Whitewater parks caught in crosshairs | VailDaily.com

Whitewater parks caught in crosshairs

Cliff Thompson
Daily file photo The authority that allows water levels to remain at a certain height in Gore Creek whitewater park in Vail Village will be weakened if a proposed law is approved by the state Legislature.

GLENWOOD SPRINGS – Battle lines are being drawn over a new bill that seeks to change how recreation water rights are defined by state laws.Those water rights – approved by the Colorado Supreme Court just two years ago – are designed to boost river flows for kayaking and other water sports.Senate Bill 62, introduced by State Sen. Jack Taylor, a Steamboat Springs Republican who represents Eagle County, is winding its way through the Colorado Legislature. It’s a bill Taylor said will clarify the rules governing so-called “recreational in-stream diversions,” which, he says, don’t play by the same rules as other water rights.Both sides claim that, if adopted, the bill will change the very fabric of the 135-year-old priority water rights system that governs Colorado water law.Opponents charge it’s a challenge to the recreation industry in mountain communities, while supporters say the bill is needed to prevent recreational water rights from infringing on future water use.Vail’s whitewater park on Gore Creek uses the water right to boost flow through the park by 400 cubic feet per-second. High water is popular with kayakers, who float above twisting currents and standing waves.

“This bill would subordinate recreation water rights for future upstream development,” said Glenn Porzak, a water attorney who was instrumental in helping create the rights two years ago. “This is an effort to undercut those water rights and the very purpose for which you get a water right.”Recreational water rights were hotly contested when they were created in Golden, Vail and Breckenridge two years ago.As the population grows and the need for water increases, a balanced approach to controlling water will be needed, Porzak said.”We’ve got to preserve a certain amount for recreation and at the same time have enough so we can serve people who come here to recreate,” he said. “We sell and manage an image here.”

Same play bookThose holding recreational water rights aren’t bound by the same water rules governing other water users, Taylor said. “It begins to change the procedures of how the water system has worked. That’s the fear – changing water rights as we know them today,” Taylor said. “Someone at the state line could get a (recreational right) and affect everybody above them.”It boils down to a difference in how uses of river water are controlled and operated by Colorado’s complicated water law. Traditional water rights require water be diverted from a stream and put to “beneficial” use. Those diversions need to be controlled by head gates and other structures that can control the flow of the diversion. Who gets to divert depends on what priority water right they have, based on the date on which the water was claimed.In-stream diversions don’t have physical control structures, Taylor said. They use stream bank “bump-outs” to constrict the stream and river-bottom benches to create standing waves and increase the speed of flow . Without a headgate to control the flow, the recreational water rights don’t have control over their right, like traditional water rights have, Taylor said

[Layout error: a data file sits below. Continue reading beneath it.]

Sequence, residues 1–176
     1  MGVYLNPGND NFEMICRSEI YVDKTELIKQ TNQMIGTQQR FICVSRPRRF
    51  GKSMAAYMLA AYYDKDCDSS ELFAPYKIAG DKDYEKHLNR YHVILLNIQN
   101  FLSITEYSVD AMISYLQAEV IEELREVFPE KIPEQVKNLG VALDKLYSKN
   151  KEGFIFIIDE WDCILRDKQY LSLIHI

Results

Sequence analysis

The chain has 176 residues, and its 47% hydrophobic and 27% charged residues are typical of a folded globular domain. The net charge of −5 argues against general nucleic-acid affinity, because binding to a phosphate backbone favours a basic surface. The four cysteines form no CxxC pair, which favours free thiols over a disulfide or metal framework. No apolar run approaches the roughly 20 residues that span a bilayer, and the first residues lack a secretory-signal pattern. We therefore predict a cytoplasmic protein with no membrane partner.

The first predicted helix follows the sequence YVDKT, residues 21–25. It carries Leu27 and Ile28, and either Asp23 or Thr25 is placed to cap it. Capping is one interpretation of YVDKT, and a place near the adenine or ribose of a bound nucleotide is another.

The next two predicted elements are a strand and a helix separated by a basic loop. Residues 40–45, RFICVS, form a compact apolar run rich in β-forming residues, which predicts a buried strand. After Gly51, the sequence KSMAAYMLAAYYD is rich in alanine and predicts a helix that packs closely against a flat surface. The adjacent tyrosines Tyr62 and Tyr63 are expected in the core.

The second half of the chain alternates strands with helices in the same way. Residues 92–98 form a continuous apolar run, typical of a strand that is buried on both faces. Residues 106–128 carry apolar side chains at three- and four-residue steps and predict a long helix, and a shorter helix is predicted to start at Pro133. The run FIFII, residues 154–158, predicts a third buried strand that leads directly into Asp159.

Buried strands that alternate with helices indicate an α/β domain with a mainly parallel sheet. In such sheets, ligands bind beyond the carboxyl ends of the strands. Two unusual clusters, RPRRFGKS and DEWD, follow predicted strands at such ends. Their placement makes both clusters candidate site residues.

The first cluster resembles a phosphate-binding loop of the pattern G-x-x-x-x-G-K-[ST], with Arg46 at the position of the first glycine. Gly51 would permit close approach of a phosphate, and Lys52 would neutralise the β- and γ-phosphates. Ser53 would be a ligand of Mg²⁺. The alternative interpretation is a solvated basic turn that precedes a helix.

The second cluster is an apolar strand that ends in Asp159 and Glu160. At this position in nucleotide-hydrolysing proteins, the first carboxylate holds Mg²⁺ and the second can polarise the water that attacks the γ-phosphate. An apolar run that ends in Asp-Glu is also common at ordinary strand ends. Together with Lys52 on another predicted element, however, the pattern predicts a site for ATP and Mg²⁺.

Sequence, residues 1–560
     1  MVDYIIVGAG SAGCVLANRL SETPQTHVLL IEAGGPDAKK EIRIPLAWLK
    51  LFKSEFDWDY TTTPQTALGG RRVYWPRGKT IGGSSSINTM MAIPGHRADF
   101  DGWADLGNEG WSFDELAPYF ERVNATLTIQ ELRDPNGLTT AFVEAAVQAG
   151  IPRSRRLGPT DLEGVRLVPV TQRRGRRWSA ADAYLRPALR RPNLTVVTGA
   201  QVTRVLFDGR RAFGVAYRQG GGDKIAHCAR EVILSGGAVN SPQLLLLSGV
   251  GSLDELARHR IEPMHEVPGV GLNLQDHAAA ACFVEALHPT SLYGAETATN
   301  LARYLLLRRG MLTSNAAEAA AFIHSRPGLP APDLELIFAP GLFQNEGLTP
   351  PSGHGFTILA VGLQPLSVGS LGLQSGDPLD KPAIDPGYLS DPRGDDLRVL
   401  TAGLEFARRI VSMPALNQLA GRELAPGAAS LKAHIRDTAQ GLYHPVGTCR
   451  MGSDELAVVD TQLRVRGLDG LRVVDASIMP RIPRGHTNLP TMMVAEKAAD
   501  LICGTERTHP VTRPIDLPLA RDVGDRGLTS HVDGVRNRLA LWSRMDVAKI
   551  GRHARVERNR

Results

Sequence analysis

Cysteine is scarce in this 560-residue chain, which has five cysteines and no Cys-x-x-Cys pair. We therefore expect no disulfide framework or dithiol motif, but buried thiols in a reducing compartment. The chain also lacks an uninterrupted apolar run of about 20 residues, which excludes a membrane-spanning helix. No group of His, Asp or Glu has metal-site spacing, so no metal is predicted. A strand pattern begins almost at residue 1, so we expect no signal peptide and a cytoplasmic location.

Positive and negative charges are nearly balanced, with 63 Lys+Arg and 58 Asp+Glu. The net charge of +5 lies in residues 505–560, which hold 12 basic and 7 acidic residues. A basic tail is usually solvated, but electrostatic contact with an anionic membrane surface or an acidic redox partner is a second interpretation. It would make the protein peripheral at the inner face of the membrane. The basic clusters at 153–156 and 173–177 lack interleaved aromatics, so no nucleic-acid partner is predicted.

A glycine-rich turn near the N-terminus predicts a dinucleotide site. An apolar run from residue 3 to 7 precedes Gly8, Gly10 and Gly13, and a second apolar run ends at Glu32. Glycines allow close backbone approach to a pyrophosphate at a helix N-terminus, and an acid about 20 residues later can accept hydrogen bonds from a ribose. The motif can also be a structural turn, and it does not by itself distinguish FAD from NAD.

Frozen streams?Future growth could also be controlled by cities holding recreational water rights, Taylor said. Some have criticized Taylor and others, like Eagle County Commissioner Tom Stone, who supported the measure as a representative of Eagle County on the board of the Colorado River Water Conservation District, for working at cross purposes with their recreation industry-dependent constituents.”I support recreation. I also support water for people to drink,” Stone said, adding “Is the filing of an in-stream right for recreation or is it for freezing the (uses of) the river?””I support the recreation industry,” Taylor added. “This isn’t a slap in the face to any part of that industry at all. We don’t need (recreational rights) to further complicate the water rights of Colorado.”

But attorney Porzak, in a letter to Taylor on behalf of Steamboat Springs, Vail, water users in Eagle County and ski areas in Eagle, Grand and Summit counties, highlighted his clients’ concerns about the bill.”The entities referenced in this letter all view your proposed new legislation as a direct attack against recreational in-channel diversions and in no uncertain terms would undermine those important recreation rights,” Porzak wrote. “It could also potentially impact other important recreation uses of water. In so doing, your bill would adversely affect the tourism industry of your district.””We made it very clear that this is not a bill we can tinker with and make changes,” Porzak added in an interview. “This is a no-compromise situation and we are out to kill it.”Staff Writer Cliff Thompson can be reached at (970) 949-0555, ext. 450, or cthompson@vaildaily.com.Vail, Colorado

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